Furthermore, electric nerve stimulation has an anti-inflammatory effect. This means it can help reduce swelling and inflammation in the body. The electrical pulses stimulate the release of anti-inflammatory substances, helping to alleviate pain and promote healing. Using all mechanisms makes TENS a valuable and versatile tool for managing various acute and chronic pain conditions.

Frequencies and Intensities

Frequencies of electrical nerve stimulation refers to the number of electrical pulses the machine delivers per second, measured in Hertz (Hz). Low-level frequencies are suitable for managing chronic pain conditions. The reason is that the effects last longer. Meanwhile, users with acute pain conditions can find more relief in high-level frequencies since these are fast-acting.

Intensities of electrical stimulation for pain relief refers to the strength of the electrical current the device sends to the skin. It is typically measured in milliamperes (mA). Individuals can adjust this to stimulate sensory nerves for pain reliever or motor nerves for muscle contraction.

A woman using a TENS machine on her lower back

Types of Pain Conditions Treated with Transcutaneous Electrical Stimulation

Transcutaneous electrical stimulation is versatile because it can treat various types of pain in adults. Firstly, it helps chronic pain conditions, referring to pain that lasts for more than three months. Some examples are cancer pain, arthritis, back pain, and fibromyalgia. As a note, people should choose electrode patches appropriate to the size and location of their pain for optimal results.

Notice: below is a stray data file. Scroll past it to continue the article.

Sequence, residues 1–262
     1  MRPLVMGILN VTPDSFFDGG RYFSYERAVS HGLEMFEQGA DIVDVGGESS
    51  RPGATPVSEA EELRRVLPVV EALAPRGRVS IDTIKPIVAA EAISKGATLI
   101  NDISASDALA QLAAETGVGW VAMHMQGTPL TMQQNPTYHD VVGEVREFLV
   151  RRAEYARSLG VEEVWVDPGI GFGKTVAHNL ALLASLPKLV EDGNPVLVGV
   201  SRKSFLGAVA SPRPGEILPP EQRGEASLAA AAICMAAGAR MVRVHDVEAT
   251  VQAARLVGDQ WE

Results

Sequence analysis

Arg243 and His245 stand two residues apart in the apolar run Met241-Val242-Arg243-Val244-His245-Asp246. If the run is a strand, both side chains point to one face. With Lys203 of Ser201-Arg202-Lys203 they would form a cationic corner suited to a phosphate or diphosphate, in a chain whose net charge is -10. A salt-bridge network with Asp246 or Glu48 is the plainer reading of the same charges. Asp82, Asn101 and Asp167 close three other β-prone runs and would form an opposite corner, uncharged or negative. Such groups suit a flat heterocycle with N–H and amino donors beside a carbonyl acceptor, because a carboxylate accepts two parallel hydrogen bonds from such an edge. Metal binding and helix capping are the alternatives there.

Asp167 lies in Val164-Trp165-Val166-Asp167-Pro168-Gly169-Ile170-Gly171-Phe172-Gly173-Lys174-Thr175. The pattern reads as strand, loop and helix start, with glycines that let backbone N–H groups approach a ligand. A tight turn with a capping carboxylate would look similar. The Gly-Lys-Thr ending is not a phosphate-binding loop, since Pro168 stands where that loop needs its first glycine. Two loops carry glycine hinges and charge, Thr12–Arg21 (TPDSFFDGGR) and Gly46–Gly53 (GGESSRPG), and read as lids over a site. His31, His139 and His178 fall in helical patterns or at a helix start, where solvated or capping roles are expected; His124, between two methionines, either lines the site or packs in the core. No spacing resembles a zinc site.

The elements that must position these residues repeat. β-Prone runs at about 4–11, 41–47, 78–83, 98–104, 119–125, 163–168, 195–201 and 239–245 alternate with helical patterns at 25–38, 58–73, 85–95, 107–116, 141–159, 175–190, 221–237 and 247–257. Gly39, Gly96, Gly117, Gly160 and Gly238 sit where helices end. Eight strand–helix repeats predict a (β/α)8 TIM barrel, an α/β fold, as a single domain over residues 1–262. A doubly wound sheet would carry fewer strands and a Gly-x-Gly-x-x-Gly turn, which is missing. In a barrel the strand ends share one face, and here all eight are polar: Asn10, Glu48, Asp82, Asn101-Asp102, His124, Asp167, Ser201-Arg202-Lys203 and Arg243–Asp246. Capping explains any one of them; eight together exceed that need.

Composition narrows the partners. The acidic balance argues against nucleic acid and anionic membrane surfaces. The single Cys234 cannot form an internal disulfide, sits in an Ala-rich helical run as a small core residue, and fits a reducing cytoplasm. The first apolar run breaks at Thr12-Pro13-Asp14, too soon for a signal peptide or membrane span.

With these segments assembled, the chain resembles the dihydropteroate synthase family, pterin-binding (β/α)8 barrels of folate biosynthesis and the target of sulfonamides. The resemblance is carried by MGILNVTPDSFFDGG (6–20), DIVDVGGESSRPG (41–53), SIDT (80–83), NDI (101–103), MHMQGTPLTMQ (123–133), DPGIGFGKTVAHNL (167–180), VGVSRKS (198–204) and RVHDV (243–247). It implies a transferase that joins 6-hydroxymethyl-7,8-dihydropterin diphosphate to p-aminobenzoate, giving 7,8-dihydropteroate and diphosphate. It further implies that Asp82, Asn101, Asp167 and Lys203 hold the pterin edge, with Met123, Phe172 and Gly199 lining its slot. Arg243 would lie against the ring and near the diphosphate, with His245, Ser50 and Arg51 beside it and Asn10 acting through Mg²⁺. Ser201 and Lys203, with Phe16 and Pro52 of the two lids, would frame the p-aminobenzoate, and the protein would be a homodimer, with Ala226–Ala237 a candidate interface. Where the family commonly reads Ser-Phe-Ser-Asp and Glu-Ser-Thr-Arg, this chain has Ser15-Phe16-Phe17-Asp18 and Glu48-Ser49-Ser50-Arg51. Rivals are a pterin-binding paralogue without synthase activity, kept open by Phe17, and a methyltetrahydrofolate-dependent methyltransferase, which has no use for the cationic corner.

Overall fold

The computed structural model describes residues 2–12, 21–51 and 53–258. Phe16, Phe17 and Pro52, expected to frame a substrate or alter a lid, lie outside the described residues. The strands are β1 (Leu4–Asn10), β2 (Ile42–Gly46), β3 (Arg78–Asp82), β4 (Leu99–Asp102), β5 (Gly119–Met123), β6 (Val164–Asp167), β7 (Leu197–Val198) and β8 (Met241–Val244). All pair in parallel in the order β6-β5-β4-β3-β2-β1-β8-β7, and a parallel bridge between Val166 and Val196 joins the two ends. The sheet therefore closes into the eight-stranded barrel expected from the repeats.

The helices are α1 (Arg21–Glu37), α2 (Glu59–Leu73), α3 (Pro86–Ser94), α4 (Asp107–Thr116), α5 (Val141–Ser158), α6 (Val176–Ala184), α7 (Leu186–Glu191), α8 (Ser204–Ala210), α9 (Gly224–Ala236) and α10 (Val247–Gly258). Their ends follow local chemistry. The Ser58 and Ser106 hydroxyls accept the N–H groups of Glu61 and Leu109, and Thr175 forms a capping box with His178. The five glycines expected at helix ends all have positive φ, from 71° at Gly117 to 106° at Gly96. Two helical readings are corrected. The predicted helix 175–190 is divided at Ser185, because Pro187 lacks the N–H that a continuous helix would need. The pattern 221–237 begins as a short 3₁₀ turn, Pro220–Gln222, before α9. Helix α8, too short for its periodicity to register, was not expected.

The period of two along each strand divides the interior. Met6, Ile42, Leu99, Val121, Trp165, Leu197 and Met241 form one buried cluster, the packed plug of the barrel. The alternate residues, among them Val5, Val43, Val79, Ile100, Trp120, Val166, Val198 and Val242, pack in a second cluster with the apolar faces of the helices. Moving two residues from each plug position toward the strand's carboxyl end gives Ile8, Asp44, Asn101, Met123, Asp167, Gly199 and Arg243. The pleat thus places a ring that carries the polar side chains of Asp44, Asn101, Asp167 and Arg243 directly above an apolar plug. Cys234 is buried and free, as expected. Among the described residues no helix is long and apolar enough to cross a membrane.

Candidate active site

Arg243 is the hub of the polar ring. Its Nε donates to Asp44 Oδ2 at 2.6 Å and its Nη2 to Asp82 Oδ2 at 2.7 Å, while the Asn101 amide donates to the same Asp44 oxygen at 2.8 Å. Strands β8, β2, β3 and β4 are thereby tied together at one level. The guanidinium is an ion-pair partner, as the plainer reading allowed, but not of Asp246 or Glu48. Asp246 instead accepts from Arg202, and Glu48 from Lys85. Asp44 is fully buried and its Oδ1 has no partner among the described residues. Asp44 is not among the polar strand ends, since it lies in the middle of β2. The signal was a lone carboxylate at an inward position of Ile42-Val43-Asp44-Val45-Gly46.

Secondly, TENS can manage acute pain conditions, which are sudden and short-term pain. These include labour pain, menstrual cramps, postoperative pain, and sports injuries. Thirdly, this form of pain relief can aid musculoskeletal pain conditions. These refer to pain affecting body parts like muscles, bones, ligaments, and tendons. Foot, shoulder, elbow, and neck pain are some examples.

Lastly, electric nerve stimulation can help with neuropathic pain conditions. These occur when damage or malfunction to the nerves causes discomfort. These include diabetic neuropathy, postherpetic neuralgia, stump pain, and sciatica. With the ability to adjust the settings of TENS, an individual suffering from one or more painful conditions can tailor it to suit their specific needs.

Is It Safe?

Health professionals and researchers generally consider TENS safe as long as people use it correctly and under the guidance of a medical provider. The low-voltage electrical currents from the machine are not known to cause any significant harm to the body when users apply TENS properly. However, those with certain medical conditions, such as pacemakers or heart conditions, must be extra cautious.

Like any medical treatment, TENS has potential risks. For instance, improper application can lead to skin irritation, burns, or discomfort. Also, they should not attach the adhesives to areas with broken skin. Thus, receiving proper education and training on its usage is vital.


Transcutaneous electrical stimulation, more popularly known as TENS, is a natural form of pain relief. It utilises a battery-operated device and electrode pads to send low-voltage electrical currents to the skin. The mechanisms of action involve stimulating the nerves to disrupt pain signals and promote the release of endorphins. Additionally, TENS can help reduce swelling. Users can choose from high or low frequencies depending on their conditions to activate these methods.

TENS is commonly used to manage a wide range of pain conditions. These include chronic, acute, musculoskeletal, and neuropathic pain like chronic back pain, fibromyalgia, postoperative pain, period cramps, neck pain, and sciatica. It is a safe and effective alternative or complement to traditional pain management strategies, with minimal side effects. Nevertheless, cautiousness is necessary to prevent potential risks such as skin irritation or burns. Users must consult a doctor beforehand.